The usual instinct is to remove any code duplication that you see in the code. However, I found myself in a situation where the duplication is illusory.
To describe the situation in more details: I am developing a web application, and most views are basically the same - they display a list of items which the user can scroll and choose from, a second list that contains selected items, and a "Save" button to save the new list.
It seemed to me that the problem is easy. However, each and every view has its own quirks - sometimes you need to recalculate something, sometimes you must store some additional data etc. These, I solved by inserting callback hooks in the main logic code.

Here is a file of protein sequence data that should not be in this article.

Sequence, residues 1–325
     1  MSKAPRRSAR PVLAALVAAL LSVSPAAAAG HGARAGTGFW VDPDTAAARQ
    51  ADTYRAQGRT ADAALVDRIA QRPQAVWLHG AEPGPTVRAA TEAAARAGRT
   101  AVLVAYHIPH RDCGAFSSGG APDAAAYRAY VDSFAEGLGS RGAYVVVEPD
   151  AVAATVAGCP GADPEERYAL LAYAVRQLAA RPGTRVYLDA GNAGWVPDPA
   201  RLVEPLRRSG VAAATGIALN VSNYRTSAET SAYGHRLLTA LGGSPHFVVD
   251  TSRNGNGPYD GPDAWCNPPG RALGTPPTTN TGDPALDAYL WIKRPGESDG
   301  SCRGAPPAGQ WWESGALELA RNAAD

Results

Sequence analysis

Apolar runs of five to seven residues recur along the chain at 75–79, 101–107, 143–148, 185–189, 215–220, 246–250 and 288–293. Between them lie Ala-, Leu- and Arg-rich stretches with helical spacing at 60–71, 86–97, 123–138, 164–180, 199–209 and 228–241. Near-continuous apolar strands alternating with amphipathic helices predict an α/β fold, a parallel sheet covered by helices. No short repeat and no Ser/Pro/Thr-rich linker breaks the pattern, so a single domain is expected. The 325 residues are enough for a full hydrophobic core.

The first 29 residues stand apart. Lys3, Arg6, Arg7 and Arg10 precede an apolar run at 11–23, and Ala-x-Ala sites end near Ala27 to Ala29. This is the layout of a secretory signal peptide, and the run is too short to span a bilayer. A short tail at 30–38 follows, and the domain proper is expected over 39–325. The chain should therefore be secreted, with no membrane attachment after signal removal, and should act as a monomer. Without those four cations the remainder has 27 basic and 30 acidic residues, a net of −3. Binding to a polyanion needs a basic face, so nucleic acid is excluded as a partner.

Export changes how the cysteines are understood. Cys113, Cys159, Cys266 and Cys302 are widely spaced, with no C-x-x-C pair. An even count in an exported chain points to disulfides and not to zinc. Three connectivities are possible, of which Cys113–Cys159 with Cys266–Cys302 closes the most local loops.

There are so many minute differences between the views that it is becoming less and less maintainable, because I need to provide callbacks for basically all functionality, and the main logic starts to look like a huge sequence of callback invocations. In the end I am not saving any time or code, because every view has its own code that is executed - all in callbacks.
The problems are:
- the differences are so minute that the code looks almost exactly alike in all views,
- there are so many differences that when you look at the details, to code is not a bit alike
How should I handle this situation?
Is having core logic composed entirely of callback calls a good solution?
Or should I rather duplicate the code and drop the complexity of callback-based code?